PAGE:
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More about similes

AUTHOR: Liz Sparg

PUBLISHER: FunDza Literacy Trust

LANGUAGE: English

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Writers use similes to “paint a picture” of someone or something in the reader’s mind. Similes are effective because they compare things that are different but have some similar qualities. For example a cloud may be compared with cotton wool. In many ways cotton wool and a cloud are very different: cotton wool is something we can touch, and use, whereas clouds are high in the sky. However we also can immediately get the feeling of what is similar between these two things – they both look soft, and white, and don’t have a hard edge or shape.

Similes are direct comparisons because they always include the word “like” or “as”.

Here are examples of similes: My father was as gentle as a lamb, but when he got angry, his face looked like a storm cloud and we kept out of his way.

The first simile, “as gentle as a lamb”, is explicit – that is, we are told exactly what two things are being compared: we are told that it is the father’s gentleness that is like a lamb. However the second simile, “his face looked like a storm cloud”, is implicit, because the reader has to draw on experience and knowledge to understand that the simile is describing the expression of his face. We know that storm clouds are dark and quite frightening, as they hint that something bad is coming, and so we can imagine the father’s face is threatening and scary.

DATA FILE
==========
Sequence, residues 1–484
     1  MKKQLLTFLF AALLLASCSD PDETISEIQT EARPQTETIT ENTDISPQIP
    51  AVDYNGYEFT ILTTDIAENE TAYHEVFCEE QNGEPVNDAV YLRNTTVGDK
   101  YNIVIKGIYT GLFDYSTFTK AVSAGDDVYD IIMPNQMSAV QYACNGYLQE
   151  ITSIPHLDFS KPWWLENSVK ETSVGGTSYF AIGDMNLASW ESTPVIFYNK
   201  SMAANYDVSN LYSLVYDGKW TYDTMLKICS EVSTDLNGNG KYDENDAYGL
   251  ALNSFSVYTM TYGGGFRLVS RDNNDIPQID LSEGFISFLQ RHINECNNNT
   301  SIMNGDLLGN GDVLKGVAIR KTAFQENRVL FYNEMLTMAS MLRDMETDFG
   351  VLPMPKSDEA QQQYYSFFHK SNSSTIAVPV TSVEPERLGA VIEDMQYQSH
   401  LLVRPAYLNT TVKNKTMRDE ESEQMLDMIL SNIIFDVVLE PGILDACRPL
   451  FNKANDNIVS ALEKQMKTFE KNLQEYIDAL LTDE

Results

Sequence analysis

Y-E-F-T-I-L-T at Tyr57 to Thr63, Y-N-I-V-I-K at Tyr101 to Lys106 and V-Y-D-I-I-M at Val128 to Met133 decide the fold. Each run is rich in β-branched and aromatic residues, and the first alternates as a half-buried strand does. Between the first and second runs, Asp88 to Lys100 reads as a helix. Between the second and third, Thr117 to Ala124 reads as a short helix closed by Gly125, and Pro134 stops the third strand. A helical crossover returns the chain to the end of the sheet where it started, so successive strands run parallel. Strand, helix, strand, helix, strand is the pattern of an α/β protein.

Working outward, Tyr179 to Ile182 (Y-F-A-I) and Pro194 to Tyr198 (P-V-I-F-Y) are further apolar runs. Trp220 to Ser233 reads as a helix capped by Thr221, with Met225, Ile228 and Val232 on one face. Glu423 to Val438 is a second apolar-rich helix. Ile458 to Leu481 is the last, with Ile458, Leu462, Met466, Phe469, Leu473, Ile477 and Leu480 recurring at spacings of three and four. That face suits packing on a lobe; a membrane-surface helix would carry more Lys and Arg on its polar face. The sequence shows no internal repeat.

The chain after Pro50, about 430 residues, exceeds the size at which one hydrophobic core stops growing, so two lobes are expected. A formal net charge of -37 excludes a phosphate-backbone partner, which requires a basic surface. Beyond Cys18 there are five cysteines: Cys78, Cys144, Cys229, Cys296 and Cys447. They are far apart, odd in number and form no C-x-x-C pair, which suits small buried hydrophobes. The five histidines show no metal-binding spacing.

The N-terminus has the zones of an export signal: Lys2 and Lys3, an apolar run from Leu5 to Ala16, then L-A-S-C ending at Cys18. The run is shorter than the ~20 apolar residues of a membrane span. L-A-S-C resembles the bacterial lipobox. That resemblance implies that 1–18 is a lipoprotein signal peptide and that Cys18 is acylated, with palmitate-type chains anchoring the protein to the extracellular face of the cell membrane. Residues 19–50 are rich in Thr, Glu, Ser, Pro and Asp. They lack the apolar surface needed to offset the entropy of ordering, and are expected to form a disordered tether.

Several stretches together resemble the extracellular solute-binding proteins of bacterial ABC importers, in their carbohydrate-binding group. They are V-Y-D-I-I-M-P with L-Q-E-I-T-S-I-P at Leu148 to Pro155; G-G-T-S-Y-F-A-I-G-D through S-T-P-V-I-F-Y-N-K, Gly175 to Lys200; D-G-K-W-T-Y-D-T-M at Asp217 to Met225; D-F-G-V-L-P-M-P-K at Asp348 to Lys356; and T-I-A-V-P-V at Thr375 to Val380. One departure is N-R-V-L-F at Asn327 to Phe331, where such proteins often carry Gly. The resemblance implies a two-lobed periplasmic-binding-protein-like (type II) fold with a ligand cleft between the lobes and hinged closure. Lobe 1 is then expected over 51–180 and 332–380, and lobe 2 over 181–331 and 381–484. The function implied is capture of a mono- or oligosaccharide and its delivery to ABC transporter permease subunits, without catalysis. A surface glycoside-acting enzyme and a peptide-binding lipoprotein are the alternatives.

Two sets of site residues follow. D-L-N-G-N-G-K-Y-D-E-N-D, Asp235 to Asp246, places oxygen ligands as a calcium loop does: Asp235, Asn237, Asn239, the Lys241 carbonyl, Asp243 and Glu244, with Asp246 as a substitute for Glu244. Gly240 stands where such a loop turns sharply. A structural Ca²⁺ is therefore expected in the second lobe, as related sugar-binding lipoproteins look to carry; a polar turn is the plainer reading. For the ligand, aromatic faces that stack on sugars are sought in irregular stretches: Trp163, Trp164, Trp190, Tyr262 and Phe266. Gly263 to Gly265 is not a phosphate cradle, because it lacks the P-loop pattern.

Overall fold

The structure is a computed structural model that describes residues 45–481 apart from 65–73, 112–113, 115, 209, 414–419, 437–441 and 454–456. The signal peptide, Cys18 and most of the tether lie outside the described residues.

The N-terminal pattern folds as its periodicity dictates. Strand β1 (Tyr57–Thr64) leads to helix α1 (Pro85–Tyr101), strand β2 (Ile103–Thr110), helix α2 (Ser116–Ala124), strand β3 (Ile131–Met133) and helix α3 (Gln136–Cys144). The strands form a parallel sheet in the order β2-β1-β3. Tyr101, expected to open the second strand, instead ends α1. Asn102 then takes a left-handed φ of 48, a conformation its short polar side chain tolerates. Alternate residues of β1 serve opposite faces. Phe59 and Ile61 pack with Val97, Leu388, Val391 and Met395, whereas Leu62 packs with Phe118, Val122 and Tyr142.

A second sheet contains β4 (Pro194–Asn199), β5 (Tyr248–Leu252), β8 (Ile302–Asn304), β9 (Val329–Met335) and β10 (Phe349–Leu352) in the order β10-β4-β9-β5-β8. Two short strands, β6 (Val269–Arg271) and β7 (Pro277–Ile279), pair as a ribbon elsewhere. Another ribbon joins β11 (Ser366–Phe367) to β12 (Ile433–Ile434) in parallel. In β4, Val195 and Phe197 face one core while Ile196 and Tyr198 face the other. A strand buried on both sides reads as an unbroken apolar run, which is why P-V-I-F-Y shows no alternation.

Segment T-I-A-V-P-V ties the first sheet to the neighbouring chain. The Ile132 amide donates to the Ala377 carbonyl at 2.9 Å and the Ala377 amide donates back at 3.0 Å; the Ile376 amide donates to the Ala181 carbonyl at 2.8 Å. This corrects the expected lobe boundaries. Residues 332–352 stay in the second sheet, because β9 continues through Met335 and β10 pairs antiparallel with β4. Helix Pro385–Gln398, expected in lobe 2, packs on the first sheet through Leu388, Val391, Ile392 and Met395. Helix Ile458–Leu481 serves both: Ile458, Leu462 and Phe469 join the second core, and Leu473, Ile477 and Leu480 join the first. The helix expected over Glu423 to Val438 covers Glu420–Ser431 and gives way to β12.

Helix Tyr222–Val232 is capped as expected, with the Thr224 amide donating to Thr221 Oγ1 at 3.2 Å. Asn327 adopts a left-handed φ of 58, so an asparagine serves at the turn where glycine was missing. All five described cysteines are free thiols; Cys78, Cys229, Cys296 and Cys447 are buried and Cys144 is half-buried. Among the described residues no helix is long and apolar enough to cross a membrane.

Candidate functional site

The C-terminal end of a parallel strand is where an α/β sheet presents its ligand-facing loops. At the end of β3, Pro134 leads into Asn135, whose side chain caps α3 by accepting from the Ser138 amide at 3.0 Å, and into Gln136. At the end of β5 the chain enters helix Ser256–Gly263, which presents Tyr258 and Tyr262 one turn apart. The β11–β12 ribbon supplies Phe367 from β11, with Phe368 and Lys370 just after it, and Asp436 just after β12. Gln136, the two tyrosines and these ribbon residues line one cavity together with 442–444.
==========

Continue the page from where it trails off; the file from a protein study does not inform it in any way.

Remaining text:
The examples “as gentle as a lamb” and “like a storm cloud” are quite common, and sometimes writers prefer to use unusual similes to make their writing more interesting and descriptive, for example: Mrs Morrell was extremely skinny, with bits of hair flying around her head, and Tsepo thought she looked as untidy and light as a stray feather from the feather duster.

Shakespeare used many similes in his writing, and some of these have, over time, become part of our vocabulary today. For example, “My bounty is as boundless as the sea,/My love as deep” (Act 2, Scene 2, Romeo and Juliet). When he first used this comparison – of comparing love to something endless like the sea – it was very original. However so many people have copied him that it is no longer an original idea.

2 Responses

  1. This is interesting.

    Malsams
    17 Dec 2016 at 23:50
  2. I like this

    vusi
    2 Aug 2016 at 07:32

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